From 30 October to 3 November, I was in Port-au-Prince with Team Tassy. You can read my first full-length post on that experience here on my travel blog. Right here, we’re gonna think a little deeper.
You’ve no doubt seen things about checking your privilege, appreciating what you have, the value of serving those less fortunate and the like. We know we’re supposed to not take our lifestyle for granted, but we’re bombarded with images of poverty and we have become desensitized. Here’s the difference between seeing poverty and being in that place – when you’re in an impoverished area, those people you’re accustomed to seeing through a screen are looking back at you. It’s no longer asymmetrical, asynchronous, unilateral… It’s in real time, right now, with you breathing the same air.
When I came back late Monday night from an exhausting experience at the Miami airport, I shed my travel clothes, called one of my best friends, and just talked. He asked all the right questions, and that was really my first experience processing what I had seen and done. In the midst of this discussion, I noticed that my bed looked wrong. I couldn’t figure out what was different about it. Nevertheless, I wrapped up the conversation in favor of enjoying the first proper shower I’d had in five days and then crawled into bed. I realized in that instant what was different – my bed now had a memory foam topper. My bed was going to be infinitely better than what I had in Haiti, but now it was a virtual paradise. And I was overwhelmed with a first world privilege.
Even so, I spun this out as a problem. I felt guilty for being able to enjoy this, for becoming spoiled by this. The next day was election day, so I got out of bed and ready for the day. In the moment when I was applying eye liner, I thought ‘this is my first world face.’ During the days prior, I hadn’t given my appearance a second thought. Doing much else other than applying sunscreen was silly. Now that I could look at myself and choose to apply a colored product to my eye, I thought that this practice was silly. How odd that I can buy this product and choose to put this thing on my face because I like the way it looks. Not only that, but I was then walking out of my house to go vote. I can vote! I have a say in who governs me and the state. My polling place is within walking distance from my house, which is also within walking distance to an Aldi’s and public transportation! AND the public transportation is safe and clean. I was awash with all these layers of fortuitous privilege of living where I do.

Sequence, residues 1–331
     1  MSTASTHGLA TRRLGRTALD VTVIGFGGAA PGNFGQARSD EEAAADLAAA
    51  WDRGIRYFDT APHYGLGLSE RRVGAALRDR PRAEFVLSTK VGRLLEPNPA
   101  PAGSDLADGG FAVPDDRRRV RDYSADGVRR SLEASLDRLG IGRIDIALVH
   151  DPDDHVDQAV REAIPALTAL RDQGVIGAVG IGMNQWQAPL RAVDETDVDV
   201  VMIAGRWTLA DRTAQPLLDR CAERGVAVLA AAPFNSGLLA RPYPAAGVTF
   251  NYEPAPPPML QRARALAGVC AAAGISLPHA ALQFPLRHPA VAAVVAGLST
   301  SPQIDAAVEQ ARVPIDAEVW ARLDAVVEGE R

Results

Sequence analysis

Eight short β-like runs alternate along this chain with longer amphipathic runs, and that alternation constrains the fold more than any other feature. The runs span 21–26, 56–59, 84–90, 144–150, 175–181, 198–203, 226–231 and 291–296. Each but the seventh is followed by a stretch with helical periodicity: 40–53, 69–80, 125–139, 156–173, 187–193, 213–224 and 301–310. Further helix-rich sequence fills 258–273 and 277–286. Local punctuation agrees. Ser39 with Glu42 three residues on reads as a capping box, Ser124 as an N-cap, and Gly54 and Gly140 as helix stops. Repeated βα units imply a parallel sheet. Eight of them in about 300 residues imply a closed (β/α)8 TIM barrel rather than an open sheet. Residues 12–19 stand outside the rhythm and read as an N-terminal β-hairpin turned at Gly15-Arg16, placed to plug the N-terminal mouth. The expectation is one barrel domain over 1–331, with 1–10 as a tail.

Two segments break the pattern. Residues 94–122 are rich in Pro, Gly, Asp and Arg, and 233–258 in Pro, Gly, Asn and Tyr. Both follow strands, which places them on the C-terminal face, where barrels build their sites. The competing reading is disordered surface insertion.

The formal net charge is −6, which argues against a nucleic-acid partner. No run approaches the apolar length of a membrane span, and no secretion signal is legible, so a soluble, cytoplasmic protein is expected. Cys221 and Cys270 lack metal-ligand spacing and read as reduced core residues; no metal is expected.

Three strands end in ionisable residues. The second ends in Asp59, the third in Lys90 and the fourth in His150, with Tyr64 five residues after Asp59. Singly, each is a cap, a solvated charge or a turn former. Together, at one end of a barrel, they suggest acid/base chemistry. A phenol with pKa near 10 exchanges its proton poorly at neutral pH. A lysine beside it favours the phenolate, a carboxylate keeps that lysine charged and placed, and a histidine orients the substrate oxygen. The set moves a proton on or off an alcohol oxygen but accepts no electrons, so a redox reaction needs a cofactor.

Ian Rosenberger, the CEO and founder of Team Tassy, hosted a TEDx Talk earlier this year in Pittsburgh. His main point is that poverty is not about an absence of wealth, but of dignity. I saw this in action when we were in Haiti, working with the families. Team Tassy is about “unleash[ing] the inherent power in every person to eliminate global poverty,” and in this trip, I learned that I have this power. I wouldn’t have even thought prior to this experience that I would ever have an experience like this, or that I had the ability to really impact someone’s life in this way.
To put this experience in its own little box is easy, to shelve it away to look upon fondly when I want to reflect on the good work we did. Similarly, it is easy to fall into the trap that looks down on those who are victims of natural disasters or difficult economic situations. We look at them as less educated, not hard workers, or hopeless. When we introduce a language barrier, we hear the other community as less intelligent people because they speak in broken English. But imagine if you could hear them in their own words, or converse with them on their terms. You would discover a more rich, complete and thoughtful picture. Use this map as an example – our language is our lens, and we apply it to every country on the planet. But that’s not the same lens they apply to the US. In our own language, we think differently.
What experiences shape you? What lenses or places are you carrying with you?
Thanks for reading,